My retirement after Iraq
The rains were pounding hard on the outside with quick successive spurts creating a rhythm you could almost sing along. The Iraqis don’t get much rain I quibbled. It was the March of 2004. Rains came down on the tent with a neatness of harmony that kept reminding me of the war songs of the burning summer months that had gone by. It was already two in the morning and I could not find sleep. But how could I? My belt was still strapped firmly around my pants and the length of my boot still black above my tucked in pants. I panned across the tent and from the side mast next to my bed mound lay my 6.5 caliber and assault riffle. Those two friends, probably my only friends, had saved me countless times in the battle field.
My mind traveled out the tent to three hundred miles south of our current position and three days earlier. We were tailing a caravan of renegade Iraqis who were transporting ammo to ground forces. Our mission was to intercept and disarm. Being the lead captain and sergeant I was to ensure a stealthy and quick operation with zero loses to my team of eleven men. Our intelligence command had confirmed the route they were to take that meandered along the Tigris River and hidden from the plains of Baghdad province. Their caravan was not so well guarded with only two Range Rovers one in front and the other one behind with a lorry in the middle that was carrying ammo. Three kilometers ahead I had positioned five soldiers and we had put a barricade right in the middle of the road as my men hid from view in nearby trees. Another band of four of my men was positioned 30 yards out of view with our range rovers camouflaged with rocket launcher. The other two soldiers stood by me a few yards from a back position once we trapped the caravan. I waited until they were within ten yards of my front men when I gave the signal. My men pelted bullets on the Range Rover in front and as expected the Iraqis descended with full force and without tact firing from every side in an attempt to drive through. The first Range Rover hit a nail dragnet and flipped midair as the other two vehicles came to a screeching halt. I gave the second signal and my second band fired a rocket that made the rear Range Rover airborne for a split second. The driver of the lorry was not about to wait for what was coming. The Iraqis feared the idea of capture more than the bullets we rained upon them. Bang! Bang! Thud! Two gun shots and it was all we heard as we neared the truck. My mission was a success and we reported back to the base.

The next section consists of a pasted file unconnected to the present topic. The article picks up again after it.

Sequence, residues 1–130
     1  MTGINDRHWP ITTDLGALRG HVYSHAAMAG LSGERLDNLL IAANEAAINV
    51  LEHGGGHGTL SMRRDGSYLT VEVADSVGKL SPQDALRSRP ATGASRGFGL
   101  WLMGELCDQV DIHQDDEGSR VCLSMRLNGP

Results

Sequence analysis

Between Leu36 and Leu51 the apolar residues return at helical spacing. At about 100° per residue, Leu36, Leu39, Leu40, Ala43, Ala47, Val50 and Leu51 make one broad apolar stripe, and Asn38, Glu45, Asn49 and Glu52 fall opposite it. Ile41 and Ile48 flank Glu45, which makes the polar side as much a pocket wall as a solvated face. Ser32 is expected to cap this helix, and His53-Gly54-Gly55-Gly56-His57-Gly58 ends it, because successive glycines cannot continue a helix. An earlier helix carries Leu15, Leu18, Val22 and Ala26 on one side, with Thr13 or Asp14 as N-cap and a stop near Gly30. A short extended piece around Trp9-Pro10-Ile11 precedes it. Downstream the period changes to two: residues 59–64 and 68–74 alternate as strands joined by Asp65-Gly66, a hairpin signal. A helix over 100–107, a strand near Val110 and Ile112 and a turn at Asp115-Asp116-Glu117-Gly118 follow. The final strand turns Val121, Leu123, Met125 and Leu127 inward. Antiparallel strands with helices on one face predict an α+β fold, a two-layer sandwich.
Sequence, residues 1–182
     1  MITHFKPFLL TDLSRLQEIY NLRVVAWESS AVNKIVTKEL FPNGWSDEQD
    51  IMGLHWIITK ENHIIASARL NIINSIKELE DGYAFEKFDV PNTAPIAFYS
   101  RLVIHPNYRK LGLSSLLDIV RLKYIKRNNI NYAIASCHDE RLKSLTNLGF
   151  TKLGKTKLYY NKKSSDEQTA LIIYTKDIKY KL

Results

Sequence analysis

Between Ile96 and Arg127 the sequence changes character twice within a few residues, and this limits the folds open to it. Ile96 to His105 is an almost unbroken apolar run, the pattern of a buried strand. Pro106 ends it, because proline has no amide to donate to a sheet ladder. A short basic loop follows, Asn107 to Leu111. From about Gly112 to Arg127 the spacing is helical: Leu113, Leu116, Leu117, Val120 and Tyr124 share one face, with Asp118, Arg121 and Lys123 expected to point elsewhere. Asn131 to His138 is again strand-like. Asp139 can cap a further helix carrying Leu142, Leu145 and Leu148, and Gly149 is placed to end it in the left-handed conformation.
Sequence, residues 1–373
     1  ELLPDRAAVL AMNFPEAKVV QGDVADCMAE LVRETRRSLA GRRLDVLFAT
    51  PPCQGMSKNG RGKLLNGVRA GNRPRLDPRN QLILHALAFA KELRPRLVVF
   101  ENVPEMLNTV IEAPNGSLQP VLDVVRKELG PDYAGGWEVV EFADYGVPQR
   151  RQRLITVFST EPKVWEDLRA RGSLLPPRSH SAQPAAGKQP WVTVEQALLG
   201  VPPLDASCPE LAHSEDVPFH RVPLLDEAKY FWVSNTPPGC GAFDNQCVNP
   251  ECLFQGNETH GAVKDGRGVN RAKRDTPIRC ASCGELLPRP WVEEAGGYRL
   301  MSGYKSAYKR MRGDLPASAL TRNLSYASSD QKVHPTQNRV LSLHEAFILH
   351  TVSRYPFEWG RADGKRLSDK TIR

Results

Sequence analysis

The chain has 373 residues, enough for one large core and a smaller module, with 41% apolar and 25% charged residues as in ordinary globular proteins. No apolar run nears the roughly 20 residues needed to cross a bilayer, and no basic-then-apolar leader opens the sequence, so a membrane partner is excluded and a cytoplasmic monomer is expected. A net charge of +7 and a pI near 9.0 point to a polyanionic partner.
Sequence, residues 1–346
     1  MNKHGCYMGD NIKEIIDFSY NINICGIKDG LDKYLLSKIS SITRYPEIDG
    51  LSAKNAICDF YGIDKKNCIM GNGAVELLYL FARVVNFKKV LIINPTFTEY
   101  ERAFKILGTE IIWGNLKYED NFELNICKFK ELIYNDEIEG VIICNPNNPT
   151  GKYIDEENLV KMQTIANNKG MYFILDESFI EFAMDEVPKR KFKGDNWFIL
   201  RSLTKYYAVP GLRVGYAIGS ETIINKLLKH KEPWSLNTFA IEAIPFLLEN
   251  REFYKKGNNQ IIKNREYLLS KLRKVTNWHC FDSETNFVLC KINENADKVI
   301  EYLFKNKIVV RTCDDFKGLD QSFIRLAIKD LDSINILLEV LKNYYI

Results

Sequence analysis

The rains were getting heavier and I was quickly interrupted by a flash of lightning. I sat up on the bed mound and could not sleep anymore. The war was over. I was starring a life before me that I had not lived for twenty two strong years. This was the second time I had gone back to war after I had been denied my retirement dues. I still remember that sad face with a wandering eye who probably had no idea what it meant to come to terms with your mortality everyday in the battlefield. He categorically informed me that I was not due for retirement and that I had to do two more years to get considered.
This was the eve of the day I was to go home. I starred at the riffles next to me and wondered what a civilian life meant. I guess for the first time in my life I had no idea what really that meant for me. I wondered about a future with a family. A family? What does that even mean? Didn’t I end lives of fathers, sons and brothers? What right to life and love did I have when all I had was hate and duty in my heart? As I sat there and looked at the other soldiers who were fast asleep around me I could not help but feel sorry for the men I had served beside. Some of them newly drafted and you could smell their youthful naivety and blunt belief in the American war dream a mile away. Yes I pondered without reprieve till the breaking dawn fell upon us.